Today I return to my “times two” roots, sharing reviews of two time travel books that have a common theme. What these two stories have in common is that the portal to the past in both is a painting. First impressions of The Painting by Charis Cotter (2017, 278 pages): I love everything about the cover, although couldn’t the author have come up with a unique title? The hardback book is also lovely to hold in the hands. It’s slightly wider than most books, with notably above average typography and paper quality.
Here’s the review from Goodreads:
Annie and her mother don’t see eye to eye. When Annie finds a painting of a lonely lighthouse in their home, she is immediately drawn to it–and her mother wishes it would stay banished in the attic. To her, art has no interest, but Annie loves drawing and painting.
When Annie’s mother slips into a coma following a car accident, strange things begin to happen to Annie. She finds herself falling into the painting and meeting Claire, a girl her own age living at the lighthouse. Claire’s mother Maisie is the artist behind the painting, and like Annie, Claire’s relationship with her mother is fraught. Annie thinks she can help them find their way back to each other, and in so doing, help mend her relationship with her own mother.
But who IS Claire? Why can Annie travel through the painting? And can Annie help her mother wake up from her coma?
I loved the interpersonal conflict between Claire and Maisie that was at the center of this book. Maisie is a loving but imperfect mom who sometimes puts her art before her children. The mothers in so many middle grade books are either perfect, or completely absent from the story, so it was nice to see this character developed. There is not a lot of action in this story, except for the psychological sort, nor is the plot swiftly moving. I like “quiet” stories so this was fine with me, but the plot might not be compelling enough to hold some readers. I always hesitate to say this for fear of supporting overly rigid gender roles but, yeah, I think the plot would appeal more to girls than boys.
There is a strong sense of place to the story. Both Annie and Claire are growing up in a lighthouse, which seems dreamy and magical in itself. It is set in Newfoundland, Canada, which seems like a special place. References to ghosts are made and I’m sure I would have loved this book in fourth grade when I was into ghosts. I liked the timeless quality of the story–it could have been penned decades ago, and there are not a lot of details to date it.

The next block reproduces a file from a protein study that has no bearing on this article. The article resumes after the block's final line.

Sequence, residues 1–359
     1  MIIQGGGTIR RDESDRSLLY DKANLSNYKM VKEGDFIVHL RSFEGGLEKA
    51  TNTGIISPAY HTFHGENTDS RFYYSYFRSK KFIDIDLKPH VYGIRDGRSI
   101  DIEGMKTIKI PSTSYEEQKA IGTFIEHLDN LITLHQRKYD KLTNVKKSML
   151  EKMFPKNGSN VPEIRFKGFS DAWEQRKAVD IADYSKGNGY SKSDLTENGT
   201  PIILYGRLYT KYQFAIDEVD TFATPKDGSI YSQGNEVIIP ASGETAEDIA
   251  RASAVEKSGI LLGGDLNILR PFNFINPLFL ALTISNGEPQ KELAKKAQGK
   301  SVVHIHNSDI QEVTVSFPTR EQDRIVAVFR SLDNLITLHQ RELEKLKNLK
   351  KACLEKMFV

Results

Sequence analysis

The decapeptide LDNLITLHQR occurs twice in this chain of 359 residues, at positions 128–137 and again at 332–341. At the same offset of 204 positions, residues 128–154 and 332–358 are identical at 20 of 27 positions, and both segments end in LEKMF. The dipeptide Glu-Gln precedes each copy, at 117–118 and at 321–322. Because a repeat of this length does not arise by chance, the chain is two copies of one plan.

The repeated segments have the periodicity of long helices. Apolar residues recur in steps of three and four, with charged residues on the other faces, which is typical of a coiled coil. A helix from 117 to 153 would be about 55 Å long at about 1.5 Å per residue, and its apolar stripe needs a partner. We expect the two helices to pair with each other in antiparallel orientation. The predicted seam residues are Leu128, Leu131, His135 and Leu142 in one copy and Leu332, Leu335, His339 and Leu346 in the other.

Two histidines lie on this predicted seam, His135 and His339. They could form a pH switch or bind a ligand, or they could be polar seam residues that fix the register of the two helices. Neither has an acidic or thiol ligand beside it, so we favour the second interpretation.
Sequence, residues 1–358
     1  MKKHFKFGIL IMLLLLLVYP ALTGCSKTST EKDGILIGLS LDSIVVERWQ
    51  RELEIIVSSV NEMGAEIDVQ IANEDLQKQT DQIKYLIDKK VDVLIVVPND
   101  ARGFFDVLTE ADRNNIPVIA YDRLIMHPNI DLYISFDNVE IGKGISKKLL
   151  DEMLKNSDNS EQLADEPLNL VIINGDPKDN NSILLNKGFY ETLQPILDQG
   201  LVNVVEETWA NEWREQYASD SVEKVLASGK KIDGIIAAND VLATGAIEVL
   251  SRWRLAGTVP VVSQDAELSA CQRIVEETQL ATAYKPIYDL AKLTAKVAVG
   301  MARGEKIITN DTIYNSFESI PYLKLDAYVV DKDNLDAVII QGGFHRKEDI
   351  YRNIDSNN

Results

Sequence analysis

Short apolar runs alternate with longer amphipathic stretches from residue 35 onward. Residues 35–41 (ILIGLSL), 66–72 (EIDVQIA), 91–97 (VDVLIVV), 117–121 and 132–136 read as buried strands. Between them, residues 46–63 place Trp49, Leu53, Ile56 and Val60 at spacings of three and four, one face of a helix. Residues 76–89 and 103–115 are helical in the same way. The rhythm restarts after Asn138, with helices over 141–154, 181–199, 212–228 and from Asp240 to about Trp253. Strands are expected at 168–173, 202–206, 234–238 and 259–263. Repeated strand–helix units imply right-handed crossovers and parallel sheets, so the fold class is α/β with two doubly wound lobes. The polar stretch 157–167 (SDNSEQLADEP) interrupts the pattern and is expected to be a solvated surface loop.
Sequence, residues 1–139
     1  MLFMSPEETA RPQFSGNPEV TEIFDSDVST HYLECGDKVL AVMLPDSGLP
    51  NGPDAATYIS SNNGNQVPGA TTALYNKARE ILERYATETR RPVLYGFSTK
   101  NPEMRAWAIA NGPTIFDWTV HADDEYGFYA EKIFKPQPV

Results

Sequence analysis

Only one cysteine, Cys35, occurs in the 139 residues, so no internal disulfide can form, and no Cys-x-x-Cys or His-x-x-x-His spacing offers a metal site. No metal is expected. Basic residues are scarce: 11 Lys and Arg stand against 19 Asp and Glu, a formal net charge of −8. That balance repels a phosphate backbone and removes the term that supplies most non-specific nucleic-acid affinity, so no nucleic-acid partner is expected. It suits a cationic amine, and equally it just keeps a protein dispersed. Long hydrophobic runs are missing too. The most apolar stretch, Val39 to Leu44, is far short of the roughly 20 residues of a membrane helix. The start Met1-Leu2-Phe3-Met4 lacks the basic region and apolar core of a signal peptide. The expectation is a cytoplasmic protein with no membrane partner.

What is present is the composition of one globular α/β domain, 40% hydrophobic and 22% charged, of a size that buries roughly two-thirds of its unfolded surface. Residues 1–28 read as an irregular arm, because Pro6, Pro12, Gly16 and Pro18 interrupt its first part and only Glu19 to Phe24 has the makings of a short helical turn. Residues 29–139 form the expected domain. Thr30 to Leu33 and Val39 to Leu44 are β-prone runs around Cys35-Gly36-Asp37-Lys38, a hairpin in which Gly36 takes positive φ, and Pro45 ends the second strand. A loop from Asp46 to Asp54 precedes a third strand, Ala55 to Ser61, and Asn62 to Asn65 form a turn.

I usually appreciate when an author writes chapters from the alternate points of view of different characters, as Cotter does in this book with Claire and Annie. However, there is not a lot of contrast between the two voices, such that I sometimes got confused about whose point of view I was experiencing.
One aspect that I found a little disappointing is that The Painting is more of a time slip than time travel story. The main character falls asleep and is somehow transported back in time, but her physical body remains in the present. This poses some logical problems. Is she in two places at once? It probably goes without saying that there is nothing science fiction-y about the time travel in this book.
You might think really good books would not go out of print, but I have not found this to be true. The cover and the story of Within a Painted Past by Hazel Hutchins (1994, 160 pages) do not have as many charming elements as The Painting. However, I was more drawn into the story. It has an unusual front cover design that gives the impression of being hastily slapped together. Oddly, the cover incorporates part of the first paragraph of the story. Maybe this was on trend in 1994?
Summary from Goodreads:
Lonely and a little insecure, 12-year-old Allison steps through a magical painting and into the Rocky Mountains of 1898. While trying to solve the mystery of her time travel, she also begins to explore her emerging sense of identity.
One Goodreads reviewer said this was the book that made her want to write as a child. If that’s not a great recommendation, I don’t know what is. There are actually four paintings in this story, in the guest room of the aunt and uncle with whom twelve-year-old Allison is staying for the summer.
Hazel Hutchins, who has written oodles of books for kids, writes really well. Here’s an excerpt (ellipses in original):
There hung the four paintings–four seasons, four mountain scenes from the past. First came the cabin in winter. Second was a town with board sidewalks and newly-unfurling leaves. The third showed a broad autumn view across a valley to three mountain peaks, and the last showed a great bear emerging with swift purpose from the summer underbrush.
But only the first one… Allison leaned forward, first with outstretched hand, then with forehead, with cheek. …Only the first one snowed on her. The snow was so wonderfully real against her face, and there was more–the smell of it, and that special silence that settles on the world with the falling of it. It was then, softly at first, from the depth of that silence, that she heard a sound. Someone was crying.
Allison enters the painting, and time travels to 1898. She comes back to present time, and later time travels to the past via the other paintings as well. At times she struggles to enter the painting, and I could feel the pull this other world had on her. As in The Painting, she befriends a girl her own age. This story is also set in Canada, in Banff, Alberta, and there are a lot of great details about daily life in this rural outpost at that time. Allison also has some psychological issues to work out, but they are not as intense as in The Painting.
Although Within a Painted Past is out of print, there are lots of used copies available. For more middle grade book reviews follow the links on Greg Pattridge’s blog Always in the Middle.